EAU 2017: Efficacy of long acting sandostatin on reducing mucus production in patients with ileal neobladder

London, England (UroToday.com) Orthotopic neobladder diversion after radical cystectomy (RC) can be completed using many different techniques, but inherent to all those procedures involving the use of small bowel, mucus production is a significant problem post-operatively. High mucus production predisposes the patient to catheter obstruction, infection, pain, and even perforation/rupture of the urinary diversion. Most patients are instructed and taught how to self-irrigate their urinary catheters and drains to prevent obstruction. However, medications to help reduce the degree of mucus production could significantly improve post-RC patient burden.

Long-acting sandostatin (octreotide) is an octapeptide that mimics natural somatostatin. Both are used clinically in the management of GI fistulas to help reduce GI secretions and inhibiting motility.

This group in Iran translated this into the post-RC patient population. In this single institution, randomized, double-blind study, 65 eligible patients were randomized to octreotide or placebo. Group A, the sandostain group (n=32), received two doses of 20 mg intramuscular long acting sandostatin (LAS) four weeks before surgery and again on the day of surgery, while group B (n=33) received placebo. Primary outcome was the volume of mucus produced (the method of collection was not explained). Secondary outcome was the incidence of mucus plug requiring irrigation.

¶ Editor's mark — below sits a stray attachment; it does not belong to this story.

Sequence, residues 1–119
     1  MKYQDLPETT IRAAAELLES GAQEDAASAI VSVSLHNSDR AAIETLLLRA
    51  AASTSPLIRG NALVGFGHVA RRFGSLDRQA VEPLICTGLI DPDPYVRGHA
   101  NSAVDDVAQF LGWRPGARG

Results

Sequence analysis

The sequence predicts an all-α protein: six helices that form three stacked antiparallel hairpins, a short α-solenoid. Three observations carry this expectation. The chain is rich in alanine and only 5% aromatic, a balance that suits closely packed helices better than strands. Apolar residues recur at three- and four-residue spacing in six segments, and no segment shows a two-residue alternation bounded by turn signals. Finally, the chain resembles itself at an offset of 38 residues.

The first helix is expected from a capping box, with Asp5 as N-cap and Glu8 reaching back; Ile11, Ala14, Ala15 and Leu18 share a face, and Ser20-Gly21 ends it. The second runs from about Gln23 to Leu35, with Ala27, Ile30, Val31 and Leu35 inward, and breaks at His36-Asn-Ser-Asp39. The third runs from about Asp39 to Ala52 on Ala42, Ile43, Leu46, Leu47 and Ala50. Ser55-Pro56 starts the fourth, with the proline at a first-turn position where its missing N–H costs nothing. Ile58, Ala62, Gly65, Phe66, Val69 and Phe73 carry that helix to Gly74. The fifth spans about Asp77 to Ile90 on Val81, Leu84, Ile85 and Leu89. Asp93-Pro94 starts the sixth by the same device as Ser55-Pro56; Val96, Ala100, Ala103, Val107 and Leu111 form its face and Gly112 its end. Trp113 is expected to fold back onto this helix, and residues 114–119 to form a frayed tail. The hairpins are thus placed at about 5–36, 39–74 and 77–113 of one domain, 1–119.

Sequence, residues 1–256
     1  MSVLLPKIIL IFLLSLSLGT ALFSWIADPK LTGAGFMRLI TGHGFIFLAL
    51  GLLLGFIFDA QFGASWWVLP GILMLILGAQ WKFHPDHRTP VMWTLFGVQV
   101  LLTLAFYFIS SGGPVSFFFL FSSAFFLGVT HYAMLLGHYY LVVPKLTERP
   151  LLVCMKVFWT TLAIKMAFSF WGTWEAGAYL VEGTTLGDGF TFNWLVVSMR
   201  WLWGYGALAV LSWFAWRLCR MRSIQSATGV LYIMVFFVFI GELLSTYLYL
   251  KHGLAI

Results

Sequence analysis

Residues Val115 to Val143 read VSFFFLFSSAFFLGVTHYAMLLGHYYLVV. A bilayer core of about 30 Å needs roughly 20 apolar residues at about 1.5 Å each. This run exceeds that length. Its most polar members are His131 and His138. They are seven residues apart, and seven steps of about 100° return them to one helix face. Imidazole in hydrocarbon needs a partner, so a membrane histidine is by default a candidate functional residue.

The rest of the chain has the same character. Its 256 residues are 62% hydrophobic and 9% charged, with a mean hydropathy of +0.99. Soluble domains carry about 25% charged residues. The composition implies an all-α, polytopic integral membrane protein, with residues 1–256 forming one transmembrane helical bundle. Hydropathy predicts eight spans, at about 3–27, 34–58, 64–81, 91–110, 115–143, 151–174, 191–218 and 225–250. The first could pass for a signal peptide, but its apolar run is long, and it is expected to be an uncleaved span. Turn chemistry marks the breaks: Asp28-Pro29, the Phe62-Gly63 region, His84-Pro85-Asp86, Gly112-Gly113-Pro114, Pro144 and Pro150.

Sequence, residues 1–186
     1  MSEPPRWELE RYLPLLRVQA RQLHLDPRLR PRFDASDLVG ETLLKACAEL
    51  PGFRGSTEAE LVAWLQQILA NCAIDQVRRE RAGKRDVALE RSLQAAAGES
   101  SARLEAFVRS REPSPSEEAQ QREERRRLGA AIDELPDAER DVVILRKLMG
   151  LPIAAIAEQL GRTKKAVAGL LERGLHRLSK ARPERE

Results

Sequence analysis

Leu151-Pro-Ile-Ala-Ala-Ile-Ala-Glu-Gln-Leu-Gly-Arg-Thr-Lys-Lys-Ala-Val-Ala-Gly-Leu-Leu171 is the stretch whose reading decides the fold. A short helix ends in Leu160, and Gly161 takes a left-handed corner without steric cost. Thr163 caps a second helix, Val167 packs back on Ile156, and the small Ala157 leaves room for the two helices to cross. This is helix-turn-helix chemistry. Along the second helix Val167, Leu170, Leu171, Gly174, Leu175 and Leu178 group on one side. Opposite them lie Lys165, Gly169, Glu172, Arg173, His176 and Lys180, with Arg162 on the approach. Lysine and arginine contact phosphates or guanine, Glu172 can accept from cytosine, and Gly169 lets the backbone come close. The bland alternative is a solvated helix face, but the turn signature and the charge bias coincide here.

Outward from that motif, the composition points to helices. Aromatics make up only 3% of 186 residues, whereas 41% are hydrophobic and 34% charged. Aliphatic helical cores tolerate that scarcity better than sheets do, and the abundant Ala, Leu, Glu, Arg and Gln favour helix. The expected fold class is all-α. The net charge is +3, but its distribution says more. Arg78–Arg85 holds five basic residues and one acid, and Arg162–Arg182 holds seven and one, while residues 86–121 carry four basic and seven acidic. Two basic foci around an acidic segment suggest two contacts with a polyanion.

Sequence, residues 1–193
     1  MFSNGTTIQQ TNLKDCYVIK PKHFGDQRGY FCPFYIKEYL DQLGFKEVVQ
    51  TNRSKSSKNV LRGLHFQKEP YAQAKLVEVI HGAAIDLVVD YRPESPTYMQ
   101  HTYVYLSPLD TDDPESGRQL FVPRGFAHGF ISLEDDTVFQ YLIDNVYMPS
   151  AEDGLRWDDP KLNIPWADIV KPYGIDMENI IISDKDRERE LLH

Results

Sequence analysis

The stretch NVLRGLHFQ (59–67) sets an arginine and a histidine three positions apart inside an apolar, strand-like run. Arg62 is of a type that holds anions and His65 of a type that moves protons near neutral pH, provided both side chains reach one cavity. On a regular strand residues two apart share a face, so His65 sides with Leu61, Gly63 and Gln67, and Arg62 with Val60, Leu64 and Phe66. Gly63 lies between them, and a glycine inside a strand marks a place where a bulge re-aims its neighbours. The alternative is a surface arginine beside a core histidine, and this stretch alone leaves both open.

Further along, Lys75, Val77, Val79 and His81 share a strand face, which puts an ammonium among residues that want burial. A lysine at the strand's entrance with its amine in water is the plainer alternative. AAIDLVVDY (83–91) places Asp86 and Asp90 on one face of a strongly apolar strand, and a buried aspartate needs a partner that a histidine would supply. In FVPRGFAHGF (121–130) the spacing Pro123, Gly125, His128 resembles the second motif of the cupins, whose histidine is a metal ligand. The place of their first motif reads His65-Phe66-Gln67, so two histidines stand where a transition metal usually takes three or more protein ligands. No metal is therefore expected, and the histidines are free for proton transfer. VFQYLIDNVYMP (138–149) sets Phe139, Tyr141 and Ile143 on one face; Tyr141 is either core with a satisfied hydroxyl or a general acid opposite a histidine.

In terms of mucus production, at the end of the first week post-operatively, mucus production was 5.4±2.7ml versus 21.5±5.6ml in groups A and B, respectively (P<.001). At the end of the third week (after discharge), the amounts were relatively unchanged, still favoring the sandostatin arm. The average occurrence of neobladder irrigations due to mucus plug was 2.3±1.5 in group A and 9.5±4.3 in group B (P<.001) during the first week prior to discharge. This discrepancy increased to 2.5±1.5 versus 11.4±2.7 in groups A and B, respectively, (P<.001) after discharge from hospital.

Unfortunately, some key details such as exclusion criteria, method of urine mucus production calculation, urine culture and urine infection results were not provided.

Despite that, this is an innovative use of a common medication. Further study is warranted on a larger scale.

Presented by: Khorrami M.H. (not present, did not present poster)

Institution(s): Isfahan University of Medical Sciences, Dept. of Urology, Isfahan, Iran

Written by: Thenappan Chandrasekar , Clinical Fellow, University of Toronto
Twitter: @tchandra_uromd

at the #EAU17 -March 24-28, 2017- London, England
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